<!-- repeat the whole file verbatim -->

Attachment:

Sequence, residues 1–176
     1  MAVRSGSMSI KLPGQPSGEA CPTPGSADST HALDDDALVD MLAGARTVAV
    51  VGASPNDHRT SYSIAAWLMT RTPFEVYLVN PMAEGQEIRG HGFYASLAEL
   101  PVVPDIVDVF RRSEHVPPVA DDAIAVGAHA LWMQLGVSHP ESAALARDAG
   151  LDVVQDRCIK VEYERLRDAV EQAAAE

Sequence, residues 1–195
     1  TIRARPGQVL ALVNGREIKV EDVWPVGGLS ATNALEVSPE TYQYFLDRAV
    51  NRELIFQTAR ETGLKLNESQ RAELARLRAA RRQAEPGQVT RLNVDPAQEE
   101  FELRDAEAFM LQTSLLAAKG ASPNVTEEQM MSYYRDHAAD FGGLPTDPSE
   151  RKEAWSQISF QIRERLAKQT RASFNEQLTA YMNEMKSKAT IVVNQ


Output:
Sequence, residues 1–176
     1  MAVRSGSMSI KLPGQPSGEA CPTPGSADST HALDDDALVD MLAGARTVAV
    51  VGASPNDHRT SYSIAAWLMT RTPFEVYLVN PMAEGQEIRG HGFYASLAEL
   101  PVVPDIVDVF RRSEHVPPVA DDAIAVGAHA LWMQLGVSHP ESAALARDAG
   151  LDVVQDRCIK VEYERLRDAV EQAAAE

Sequence, residues 1–195
     1  TIRARPGQVL ALVNGREIKV EDVWPVGGLS ATNALEVSPE TYQYFLDRAV
    51  NRELIFQTAR ETGLKLNESQ RAELARLRAA RRQAEPGQVT RLNVDPAQEE
   101  FELRDAEAFM LQTSLLAAKG ASPNVTEEQM MSYYRDHAAD FGGLPTDPSE
   151  RKEAWSQISF QIRERLAKQT RASFNEQLTA YMNEMKSKAT IVVNQ